Rahul Gandhi stirs the pot with Berkeley speech

Source : SIFY
By : Varun Sukumar
Last Updated: Fri, Sep 15, 2017 13:28 hrs

Congress leader Rahul Gandhi speaking at an event at the University of California Berkeley said the idea of non violence is being threatened in India. Perhaps speaking to some of the recent events this year – targeting of Muslims for eating beef, murder of journalists who oppose a right wing agenda; he said, “Hatred, anger and violence can destroy us. The politics of polarization is dangerous”.

An opportune time if any at present to speak out for the ‘will he be or won’t he be’ leader of the Congress. Economically, the previous two quarters showed that growth rates had fallen, retail inflation was high, some questions about demonetization and events that questioned the notion of free speech under the current government.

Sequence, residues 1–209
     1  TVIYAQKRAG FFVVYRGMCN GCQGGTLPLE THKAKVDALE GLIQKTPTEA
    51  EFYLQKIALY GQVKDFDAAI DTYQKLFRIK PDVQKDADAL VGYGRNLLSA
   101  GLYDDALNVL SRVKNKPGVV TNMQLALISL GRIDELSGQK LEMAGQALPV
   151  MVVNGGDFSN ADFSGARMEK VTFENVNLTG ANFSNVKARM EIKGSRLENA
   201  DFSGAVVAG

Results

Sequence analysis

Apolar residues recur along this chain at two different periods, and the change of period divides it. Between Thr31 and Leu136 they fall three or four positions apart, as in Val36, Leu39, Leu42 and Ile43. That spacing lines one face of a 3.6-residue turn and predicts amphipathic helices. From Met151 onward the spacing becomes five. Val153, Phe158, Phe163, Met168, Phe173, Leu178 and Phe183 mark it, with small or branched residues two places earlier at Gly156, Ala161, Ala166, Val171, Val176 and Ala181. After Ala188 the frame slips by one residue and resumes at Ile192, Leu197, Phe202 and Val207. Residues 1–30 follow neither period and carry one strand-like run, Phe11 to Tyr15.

In an op-ed for the Deccan Chronicle, S.V. Ramani, the secretary of the All India Congress Committee communications department not surprisingly praised the speech in which lies and facts unfurled by the Modi needed to be stated. He states that Rahul put things in perspective regarding historical truths and achievements of past governments, ending with –

“It is the inner angst of a statesman who loves his motherland immensely and who is terrified of the future history of this country being written as “an opportunity lost”.

Countering the sentiments of AICC in the same op-ed, Rakesh Sinha, an associate professor, University of Delhi, and director of the India Policy Foundation sharply criticized the setting and tone of the speech and states that Rahul Gandhi painted a dark portrait of India –